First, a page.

Chancellor Alistair Darling has set out proposals to allow the Bank of England to offer secret help to banks suffering liquidity problems.
A joint consultation document from the Treasury, Bank of England and the FSA recommends that the BoE should be allowed to delay revealing emergency help to a bank in special circumstances.
It says: “The Government recognises that maintaining transparency in financial markets is important and that emergency liquidity assistance should therefore be disclosed to markets at an appropriate stage. However, recent events have suggested that there may be special circumstances where, if possible, a period of non-disclosure of ELA is desirable.”
Darling unveiled plans for banks to contribute to a fund to repay savers if a bank fails, which will be separate from the Financial Services Compensation Scheme, but says he has no plans to increase the £35,000 limit on FSCS compensation.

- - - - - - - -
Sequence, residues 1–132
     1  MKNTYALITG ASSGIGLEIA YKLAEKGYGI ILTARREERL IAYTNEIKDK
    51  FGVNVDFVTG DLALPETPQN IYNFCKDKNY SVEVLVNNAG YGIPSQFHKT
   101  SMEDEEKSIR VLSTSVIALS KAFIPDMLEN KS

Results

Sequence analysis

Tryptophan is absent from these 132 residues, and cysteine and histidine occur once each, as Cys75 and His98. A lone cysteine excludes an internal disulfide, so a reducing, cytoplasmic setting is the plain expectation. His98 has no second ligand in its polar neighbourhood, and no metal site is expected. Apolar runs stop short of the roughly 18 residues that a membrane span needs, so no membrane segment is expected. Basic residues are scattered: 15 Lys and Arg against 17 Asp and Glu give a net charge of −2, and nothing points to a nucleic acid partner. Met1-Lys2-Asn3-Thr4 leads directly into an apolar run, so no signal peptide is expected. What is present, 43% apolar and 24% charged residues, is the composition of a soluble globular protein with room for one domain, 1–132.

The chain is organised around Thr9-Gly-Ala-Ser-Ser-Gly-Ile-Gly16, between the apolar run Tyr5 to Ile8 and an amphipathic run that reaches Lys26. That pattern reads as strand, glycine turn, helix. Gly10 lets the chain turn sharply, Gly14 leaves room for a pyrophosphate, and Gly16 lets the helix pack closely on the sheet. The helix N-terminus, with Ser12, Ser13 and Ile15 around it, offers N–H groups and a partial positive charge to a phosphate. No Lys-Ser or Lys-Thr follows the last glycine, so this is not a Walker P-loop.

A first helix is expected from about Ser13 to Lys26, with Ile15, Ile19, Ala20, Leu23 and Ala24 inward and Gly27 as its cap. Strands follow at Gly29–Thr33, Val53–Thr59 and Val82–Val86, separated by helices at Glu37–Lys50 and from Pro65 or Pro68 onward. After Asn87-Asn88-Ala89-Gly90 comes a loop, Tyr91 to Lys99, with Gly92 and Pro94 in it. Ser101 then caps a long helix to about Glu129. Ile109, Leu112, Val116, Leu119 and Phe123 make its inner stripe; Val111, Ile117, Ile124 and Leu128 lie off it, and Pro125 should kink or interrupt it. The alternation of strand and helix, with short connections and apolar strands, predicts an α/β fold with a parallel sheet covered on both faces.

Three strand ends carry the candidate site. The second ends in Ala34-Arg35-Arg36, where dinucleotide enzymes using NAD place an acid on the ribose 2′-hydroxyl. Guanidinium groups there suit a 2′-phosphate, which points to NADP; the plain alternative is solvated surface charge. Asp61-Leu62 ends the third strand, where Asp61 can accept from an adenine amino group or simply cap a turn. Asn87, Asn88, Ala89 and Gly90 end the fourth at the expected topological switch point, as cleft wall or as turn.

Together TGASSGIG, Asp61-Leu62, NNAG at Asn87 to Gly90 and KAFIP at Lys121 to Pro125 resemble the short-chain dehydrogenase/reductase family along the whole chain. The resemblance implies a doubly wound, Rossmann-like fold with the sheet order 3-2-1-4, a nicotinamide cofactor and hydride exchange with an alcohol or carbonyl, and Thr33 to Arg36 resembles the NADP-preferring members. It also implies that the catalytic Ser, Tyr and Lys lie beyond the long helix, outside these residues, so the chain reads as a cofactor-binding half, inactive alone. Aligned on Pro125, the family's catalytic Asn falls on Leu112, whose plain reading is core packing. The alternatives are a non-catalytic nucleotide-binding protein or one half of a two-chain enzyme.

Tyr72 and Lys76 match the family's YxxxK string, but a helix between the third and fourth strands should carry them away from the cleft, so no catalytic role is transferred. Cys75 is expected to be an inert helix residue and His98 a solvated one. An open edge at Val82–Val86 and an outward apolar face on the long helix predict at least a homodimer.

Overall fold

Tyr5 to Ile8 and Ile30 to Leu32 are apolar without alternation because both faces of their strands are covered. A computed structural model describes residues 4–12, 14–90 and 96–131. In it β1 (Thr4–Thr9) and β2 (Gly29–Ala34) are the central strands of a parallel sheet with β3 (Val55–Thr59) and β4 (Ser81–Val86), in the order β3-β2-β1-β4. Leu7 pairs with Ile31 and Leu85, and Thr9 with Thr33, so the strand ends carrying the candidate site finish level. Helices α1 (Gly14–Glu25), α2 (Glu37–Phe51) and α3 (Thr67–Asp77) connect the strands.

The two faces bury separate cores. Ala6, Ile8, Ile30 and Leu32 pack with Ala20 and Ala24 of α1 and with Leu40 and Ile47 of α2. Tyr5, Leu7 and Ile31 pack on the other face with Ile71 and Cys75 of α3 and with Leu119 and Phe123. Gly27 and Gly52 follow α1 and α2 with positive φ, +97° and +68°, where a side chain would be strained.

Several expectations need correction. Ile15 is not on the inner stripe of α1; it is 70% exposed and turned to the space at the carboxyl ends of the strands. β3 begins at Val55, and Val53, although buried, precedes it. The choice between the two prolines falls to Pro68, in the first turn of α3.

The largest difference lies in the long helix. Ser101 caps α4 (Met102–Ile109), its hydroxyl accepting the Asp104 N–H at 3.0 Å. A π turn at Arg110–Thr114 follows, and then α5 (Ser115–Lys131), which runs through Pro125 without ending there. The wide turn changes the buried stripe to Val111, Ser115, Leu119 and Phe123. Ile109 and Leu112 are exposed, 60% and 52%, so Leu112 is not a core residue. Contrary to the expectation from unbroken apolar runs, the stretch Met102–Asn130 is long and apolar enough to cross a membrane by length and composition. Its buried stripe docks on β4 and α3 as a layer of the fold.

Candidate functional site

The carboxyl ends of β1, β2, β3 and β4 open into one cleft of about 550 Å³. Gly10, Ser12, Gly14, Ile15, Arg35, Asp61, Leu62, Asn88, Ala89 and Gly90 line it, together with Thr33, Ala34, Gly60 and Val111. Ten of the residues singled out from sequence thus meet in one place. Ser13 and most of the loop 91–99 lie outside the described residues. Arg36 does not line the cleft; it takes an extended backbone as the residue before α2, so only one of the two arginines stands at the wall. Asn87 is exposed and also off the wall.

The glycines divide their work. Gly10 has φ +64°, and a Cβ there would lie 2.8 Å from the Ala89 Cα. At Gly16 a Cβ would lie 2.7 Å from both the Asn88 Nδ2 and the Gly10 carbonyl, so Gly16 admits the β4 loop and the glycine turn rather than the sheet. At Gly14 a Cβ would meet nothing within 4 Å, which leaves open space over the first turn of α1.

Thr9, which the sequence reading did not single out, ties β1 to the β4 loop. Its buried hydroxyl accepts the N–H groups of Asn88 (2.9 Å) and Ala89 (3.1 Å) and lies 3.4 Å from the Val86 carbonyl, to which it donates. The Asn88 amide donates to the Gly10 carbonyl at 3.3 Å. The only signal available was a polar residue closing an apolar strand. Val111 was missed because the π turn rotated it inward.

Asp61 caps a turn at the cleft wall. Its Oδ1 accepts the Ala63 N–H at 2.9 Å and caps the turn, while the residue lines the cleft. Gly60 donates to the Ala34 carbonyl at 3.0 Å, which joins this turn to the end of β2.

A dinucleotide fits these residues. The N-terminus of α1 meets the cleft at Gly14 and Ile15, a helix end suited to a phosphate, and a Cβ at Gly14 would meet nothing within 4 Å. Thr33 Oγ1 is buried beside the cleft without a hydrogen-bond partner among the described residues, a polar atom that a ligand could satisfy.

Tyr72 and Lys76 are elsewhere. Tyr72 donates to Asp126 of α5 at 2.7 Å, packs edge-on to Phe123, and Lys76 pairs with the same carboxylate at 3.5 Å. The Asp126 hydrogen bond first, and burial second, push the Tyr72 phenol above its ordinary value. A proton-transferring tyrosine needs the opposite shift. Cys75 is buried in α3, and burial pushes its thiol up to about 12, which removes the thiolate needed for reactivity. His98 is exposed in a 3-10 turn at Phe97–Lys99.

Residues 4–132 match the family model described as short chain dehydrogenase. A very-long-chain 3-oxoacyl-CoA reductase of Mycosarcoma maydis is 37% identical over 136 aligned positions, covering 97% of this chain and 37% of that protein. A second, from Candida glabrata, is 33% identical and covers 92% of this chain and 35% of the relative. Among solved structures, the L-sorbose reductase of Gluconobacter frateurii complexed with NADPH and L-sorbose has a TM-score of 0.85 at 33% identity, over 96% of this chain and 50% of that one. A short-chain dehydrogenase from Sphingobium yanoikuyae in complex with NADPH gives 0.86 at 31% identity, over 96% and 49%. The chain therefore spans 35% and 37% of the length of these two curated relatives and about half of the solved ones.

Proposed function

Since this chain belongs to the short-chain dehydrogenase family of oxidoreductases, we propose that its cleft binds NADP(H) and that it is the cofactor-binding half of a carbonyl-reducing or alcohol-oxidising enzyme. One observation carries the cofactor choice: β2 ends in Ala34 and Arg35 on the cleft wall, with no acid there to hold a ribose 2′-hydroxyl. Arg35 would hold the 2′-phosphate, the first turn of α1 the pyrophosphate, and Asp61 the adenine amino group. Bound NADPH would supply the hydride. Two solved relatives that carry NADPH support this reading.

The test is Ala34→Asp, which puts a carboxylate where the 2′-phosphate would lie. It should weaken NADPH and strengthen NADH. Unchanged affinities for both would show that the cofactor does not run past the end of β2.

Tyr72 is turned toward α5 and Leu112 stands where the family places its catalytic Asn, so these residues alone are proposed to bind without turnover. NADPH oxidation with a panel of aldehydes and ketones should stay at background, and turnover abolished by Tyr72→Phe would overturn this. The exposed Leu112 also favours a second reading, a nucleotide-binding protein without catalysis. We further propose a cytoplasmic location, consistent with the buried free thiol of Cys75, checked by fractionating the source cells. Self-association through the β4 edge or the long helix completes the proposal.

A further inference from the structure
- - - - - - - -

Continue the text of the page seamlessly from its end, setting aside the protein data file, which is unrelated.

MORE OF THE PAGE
Conservative Shadow Chancellor George Osborne says the plans mirror proposals put forward by the Tories in December.
Osborne says: “We will work with the Government to implement these reforms but we will fight to ensure that the Bank of England is not, as in this document, sidelined in the crucial job of rescuing failing banks and protecting stability.”
The British Bankers’ Association says the document addresses many of the issues the BBA has already raised with the Government.
A BBA spokesman says: “Areas of key importance are the clarification of the roles and responsibilities of the FSA and the BoE, emphasis on early intervention and prevention, including a special resolution regime, and recognition that on liquidity issues, the problems of the credit crunch require international coordination.”